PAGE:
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Re: Fwd: Copy Press info
- To: BOOK_ARTS-L@LISTSERV.SYR.EDU
- Subject: Re: Fwd: Copy Press info
- From: Mindy Dubansky <metart2@METGATE.METRO.ORG>
- Date: Thu, 31 Dec 1998 16:21:10 -0800
- Message-Id: <199812312014.MAA10122@palimpsest.Stanford.EDU>
- Organization: Book Conservation, Metropolitan Museum of Art
- Sender: "Book_Arts-L: READ THE FAQ at http://www.dreamscape.com/pdverhey" <BOOK_ARTS-L@LISTSERV.SYR.EDU>
Tom Marshall wrote:
> We had one in an office where I worked. Four-weekly financial statements
> were compiled with indelible ink (and indelible pencil) and copies made (as
> stated) on 'tissue paper' pages in a large copy book (memory suggest
> equivalent to about A3 size).
The writer of this makes a statement that is confusing. The first
definition of indelible is: that which cannot be erased, washed away,
blotted; also not being easily erased. It is the solubility of the ink
or pencil in water which makes the copy process possible. The secondary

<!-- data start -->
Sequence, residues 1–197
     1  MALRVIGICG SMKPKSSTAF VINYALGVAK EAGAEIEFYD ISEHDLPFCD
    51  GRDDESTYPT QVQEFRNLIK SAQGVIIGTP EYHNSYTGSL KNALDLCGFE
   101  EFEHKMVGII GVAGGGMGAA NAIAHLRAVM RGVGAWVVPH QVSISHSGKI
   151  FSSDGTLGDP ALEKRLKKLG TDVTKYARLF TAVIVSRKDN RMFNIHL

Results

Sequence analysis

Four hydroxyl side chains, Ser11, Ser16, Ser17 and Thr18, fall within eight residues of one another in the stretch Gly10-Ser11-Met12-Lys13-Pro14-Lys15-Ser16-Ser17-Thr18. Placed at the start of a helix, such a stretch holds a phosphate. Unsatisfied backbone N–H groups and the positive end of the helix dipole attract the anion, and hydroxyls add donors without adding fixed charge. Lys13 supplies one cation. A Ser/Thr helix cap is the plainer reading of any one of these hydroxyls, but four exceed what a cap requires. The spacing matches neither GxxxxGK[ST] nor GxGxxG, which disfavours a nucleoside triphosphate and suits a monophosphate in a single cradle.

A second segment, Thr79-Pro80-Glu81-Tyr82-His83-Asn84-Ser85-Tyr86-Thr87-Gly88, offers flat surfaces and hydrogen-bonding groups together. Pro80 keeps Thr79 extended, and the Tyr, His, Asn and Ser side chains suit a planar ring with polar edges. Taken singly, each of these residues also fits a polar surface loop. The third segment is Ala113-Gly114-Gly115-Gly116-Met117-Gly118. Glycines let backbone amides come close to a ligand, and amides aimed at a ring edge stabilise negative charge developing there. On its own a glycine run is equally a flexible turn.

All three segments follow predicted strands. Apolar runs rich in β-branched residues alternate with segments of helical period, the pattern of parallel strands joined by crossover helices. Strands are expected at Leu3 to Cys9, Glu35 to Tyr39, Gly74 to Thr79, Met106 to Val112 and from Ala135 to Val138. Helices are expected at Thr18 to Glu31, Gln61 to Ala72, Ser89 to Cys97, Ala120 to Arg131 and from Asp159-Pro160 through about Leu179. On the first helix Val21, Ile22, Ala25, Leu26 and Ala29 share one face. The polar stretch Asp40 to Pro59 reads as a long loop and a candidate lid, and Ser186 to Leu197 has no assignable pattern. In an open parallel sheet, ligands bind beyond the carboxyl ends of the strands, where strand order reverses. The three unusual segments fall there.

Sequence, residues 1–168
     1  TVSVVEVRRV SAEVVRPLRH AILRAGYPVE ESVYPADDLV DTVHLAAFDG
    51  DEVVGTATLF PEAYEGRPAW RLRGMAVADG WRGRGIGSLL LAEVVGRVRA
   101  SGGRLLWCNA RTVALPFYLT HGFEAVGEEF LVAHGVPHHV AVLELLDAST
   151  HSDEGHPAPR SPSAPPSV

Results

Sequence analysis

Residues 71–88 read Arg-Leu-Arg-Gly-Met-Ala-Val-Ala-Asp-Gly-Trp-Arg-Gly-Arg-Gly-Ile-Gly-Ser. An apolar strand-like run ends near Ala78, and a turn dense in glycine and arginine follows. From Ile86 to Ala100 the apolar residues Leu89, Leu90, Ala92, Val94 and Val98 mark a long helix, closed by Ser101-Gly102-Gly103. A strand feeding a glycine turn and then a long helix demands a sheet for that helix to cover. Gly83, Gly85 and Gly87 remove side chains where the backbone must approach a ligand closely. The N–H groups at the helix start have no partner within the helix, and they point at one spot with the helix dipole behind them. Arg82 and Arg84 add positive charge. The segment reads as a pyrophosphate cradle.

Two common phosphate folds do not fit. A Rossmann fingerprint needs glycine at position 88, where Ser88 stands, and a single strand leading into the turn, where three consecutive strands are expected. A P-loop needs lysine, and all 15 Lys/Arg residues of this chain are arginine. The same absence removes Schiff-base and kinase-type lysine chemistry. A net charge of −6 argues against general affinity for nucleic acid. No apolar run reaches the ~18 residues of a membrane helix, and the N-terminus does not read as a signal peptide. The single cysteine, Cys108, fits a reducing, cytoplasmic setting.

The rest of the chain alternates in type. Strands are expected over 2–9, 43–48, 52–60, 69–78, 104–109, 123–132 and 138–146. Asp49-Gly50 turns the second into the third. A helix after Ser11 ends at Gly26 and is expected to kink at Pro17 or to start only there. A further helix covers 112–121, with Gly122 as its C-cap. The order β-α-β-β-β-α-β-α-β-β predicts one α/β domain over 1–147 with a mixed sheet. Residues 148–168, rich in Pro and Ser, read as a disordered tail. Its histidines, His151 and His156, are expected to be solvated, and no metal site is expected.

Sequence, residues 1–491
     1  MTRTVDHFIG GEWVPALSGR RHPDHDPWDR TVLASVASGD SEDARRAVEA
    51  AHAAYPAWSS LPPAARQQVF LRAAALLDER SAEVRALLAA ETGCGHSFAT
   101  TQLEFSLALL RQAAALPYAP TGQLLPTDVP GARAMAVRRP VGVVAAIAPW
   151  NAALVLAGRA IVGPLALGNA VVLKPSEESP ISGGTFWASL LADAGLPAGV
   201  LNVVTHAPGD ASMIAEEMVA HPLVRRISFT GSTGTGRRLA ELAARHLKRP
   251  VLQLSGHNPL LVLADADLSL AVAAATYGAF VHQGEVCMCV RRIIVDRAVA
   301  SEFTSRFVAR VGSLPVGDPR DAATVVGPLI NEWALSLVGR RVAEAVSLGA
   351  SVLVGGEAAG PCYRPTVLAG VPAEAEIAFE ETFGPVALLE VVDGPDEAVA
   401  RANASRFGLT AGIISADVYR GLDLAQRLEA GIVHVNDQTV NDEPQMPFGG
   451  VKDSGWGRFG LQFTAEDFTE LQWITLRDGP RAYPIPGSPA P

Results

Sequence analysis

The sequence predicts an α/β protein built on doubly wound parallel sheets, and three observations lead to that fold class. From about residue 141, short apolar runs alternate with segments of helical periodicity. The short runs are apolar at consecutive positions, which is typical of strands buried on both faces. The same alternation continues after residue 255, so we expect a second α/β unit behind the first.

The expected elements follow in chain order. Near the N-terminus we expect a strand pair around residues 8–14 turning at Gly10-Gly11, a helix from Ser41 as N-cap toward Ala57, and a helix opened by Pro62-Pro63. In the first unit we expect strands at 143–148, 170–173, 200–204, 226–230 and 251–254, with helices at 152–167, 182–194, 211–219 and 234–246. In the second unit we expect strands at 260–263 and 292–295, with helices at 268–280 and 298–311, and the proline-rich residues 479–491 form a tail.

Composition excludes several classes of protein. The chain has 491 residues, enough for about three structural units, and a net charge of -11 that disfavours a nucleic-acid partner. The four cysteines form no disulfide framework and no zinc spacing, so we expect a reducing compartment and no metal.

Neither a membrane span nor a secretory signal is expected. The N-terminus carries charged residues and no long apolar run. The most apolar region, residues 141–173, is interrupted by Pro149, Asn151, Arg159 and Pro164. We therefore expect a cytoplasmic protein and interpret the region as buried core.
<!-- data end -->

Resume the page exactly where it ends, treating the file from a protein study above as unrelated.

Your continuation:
definition is correct.
The copy pencil is still being produced. I have an old one, made by
Eberhard Faber, labeled "Van Dyke" and "#716 Copying Medium". This has
been discontinued by EF in favor of a pencil that carries the caption
"ink in a bottle!" The appearance of the pencil is like lead or
graphite and is very easily mistaken for a regular pencil. It draws a
grayish line, which when wet turns bright blue or purple (other colors
have been known as well). I believe the color is an aniline dye. It is
water soluble, but not completely.
I can't wait for the Streeter/Rhodes book to be published!
Wishing you all a very Happy New Year, Nora Lockshin
Book Conservation Dept. The Metropolitan Museum of Art
Phone: (212) 650-2891 Thomas J. Watson Library
Fax: (212) 570-3847 1000 Fifth Ave.
E-Mail: firstname.lastname@example.org New York, NY 10028